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A Blues Solo
Here are some simple minor pentatonic lick examples in the bluesy setting, that can be used in a variety of different ways. This blues exercise that uses bends, slides, position shifts, hammer-ons, pull-offs. These are common techniques in the style of players like Clapton, Stevie Ray Vaughan, Joe Bonamassa. This is a great exercise if your looking for some ideas to practice and improve your basic blues playing. The A Blues Solo is a twelve measure solo that is put together in a way to help you combine smaller blues phrases into longer musical ideas that uses “call and response” phrasing.
Begin this solo on the seventh fret on the fourth string. Let the note ring until the fourth beat, play the triplet on beat four. The second measure is three quarter notes, then another eighth note triplet on beat four. Bar three is similar to measure one. Measure four is all about the whole step bend on beat one. Play the seventh fret on the third string. Support your third finger with your first and second finger behind it, hold the note for three beats. Finish the measure on the fifth and seventh frets on the third string.
Bar five is all the A blues scale, on beat four notice the Eb, this is the “blue note” the flat five of the key. Bar six has another whole step bend on the eighth fret on the second string. Use all three fingers to get the strength for this. Its really important to make sure that you bend this note all the way to the correct pitch. Don’t over shoot it. A good way to practice this is to play the tenth fret on the second string and then do the bend on the eighth fret. The two notes should match.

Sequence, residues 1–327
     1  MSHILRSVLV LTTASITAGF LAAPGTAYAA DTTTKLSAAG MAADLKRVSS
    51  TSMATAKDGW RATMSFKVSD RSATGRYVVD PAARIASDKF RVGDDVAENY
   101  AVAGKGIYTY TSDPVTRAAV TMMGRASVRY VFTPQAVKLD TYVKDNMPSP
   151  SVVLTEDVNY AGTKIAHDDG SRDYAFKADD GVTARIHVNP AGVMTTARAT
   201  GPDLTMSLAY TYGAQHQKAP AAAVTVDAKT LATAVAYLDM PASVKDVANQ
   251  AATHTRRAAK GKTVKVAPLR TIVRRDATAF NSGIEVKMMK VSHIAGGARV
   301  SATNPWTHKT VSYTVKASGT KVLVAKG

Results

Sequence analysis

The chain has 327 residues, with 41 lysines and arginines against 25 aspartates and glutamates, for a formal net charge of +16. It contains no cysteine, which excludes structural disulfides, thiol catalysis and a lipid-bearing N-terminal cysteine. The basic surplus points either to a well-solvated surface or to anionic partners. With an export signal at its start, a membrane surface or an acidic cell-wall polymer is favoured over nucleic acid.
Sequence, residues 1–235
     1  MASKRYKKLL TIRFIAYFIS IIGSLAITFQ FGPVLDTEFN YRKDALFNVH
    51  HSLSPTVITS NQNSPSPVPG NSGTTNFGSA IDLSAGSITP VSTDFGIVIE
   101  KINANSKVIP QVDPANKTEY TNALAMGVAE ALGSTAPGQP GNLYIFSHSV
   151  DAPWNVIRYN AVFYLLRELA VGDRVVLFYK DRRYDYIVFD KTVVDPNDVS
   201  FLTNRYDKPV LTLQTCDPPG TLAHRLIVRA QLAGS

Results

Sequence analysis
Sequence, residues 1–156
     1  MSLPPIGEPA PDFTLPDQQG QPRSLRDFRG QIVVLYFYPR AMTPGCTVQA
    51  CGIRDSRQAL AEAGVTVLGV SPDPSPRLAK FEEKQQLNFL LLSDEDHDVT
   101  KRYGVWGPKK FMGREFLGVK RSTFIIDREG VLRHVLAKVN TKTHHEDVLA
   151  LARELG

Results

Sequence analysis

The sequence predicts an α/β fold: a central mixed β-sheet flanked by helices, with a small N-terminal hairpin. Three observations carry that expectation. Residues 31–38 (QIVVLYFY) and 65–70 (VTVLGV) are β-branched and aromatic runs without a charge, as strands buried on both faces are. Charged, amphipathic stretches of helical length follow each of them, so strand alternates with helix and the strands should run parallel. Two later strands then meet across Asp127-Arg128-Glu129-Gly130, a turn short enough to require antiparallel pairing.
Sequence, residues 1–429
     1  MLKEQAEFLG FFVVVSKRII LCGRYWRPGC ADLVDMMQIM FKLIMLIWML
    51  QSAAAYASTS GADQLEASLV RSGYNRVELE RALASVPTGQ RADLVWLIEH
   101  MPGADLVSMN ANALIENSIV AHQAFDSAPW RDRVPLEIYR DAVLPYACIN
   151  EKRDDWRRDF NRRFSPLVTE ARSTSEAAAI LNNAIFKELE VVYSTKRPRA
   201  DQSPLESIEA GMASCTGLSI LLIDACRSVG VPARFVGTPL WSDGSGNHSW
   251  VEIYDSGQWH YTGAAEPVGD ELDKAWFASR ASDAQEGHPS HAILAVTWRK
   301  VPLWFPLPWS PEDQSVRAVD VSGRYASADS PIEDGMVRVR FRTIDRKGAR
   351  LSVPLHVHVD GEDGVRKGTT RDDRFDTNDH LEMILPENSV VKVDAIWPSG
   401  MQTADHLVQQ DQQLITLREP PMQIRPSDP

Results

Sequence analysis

Bar seven and eight are both right out of the A pentatonic scale with a couple pull-offs in measure seven. Watch out for the varying rhythms from bar eight into bar nine. Measure ten has an interesting hammer-pull area where you are picking the first note out of four notes in a row. Try to make sure all the notes ring at equal volume. Measure eleven has a descending sequential vibe with the blue note in the lick. Bar twelve has a tricky first finger roll in the early part of the measure with a third finger roll in the last part of the measure.
Free Demo Video
The video below is an example of the videos that are available for this exercise. For Paid Members, this section includes a commentary video that explains each exercise in full. Additionally, each exercise is also presented as videos where the exercise is played in 10+ tempos. Sign up today to get full access to all the videos.
Most exercises include backing tracks for you to practice with. They are also provided in the same tempos as the videos. Backing tracks are available for paid members only and are downloadable MP3 files.
Every exercise includes a transcription in standard notation as well as guitar tab. The transcriptions are presented online and are also available for download as a PDF for printing or saving to your computer. The transcriptions are available for Paid Members of PracticeTheGuitar.com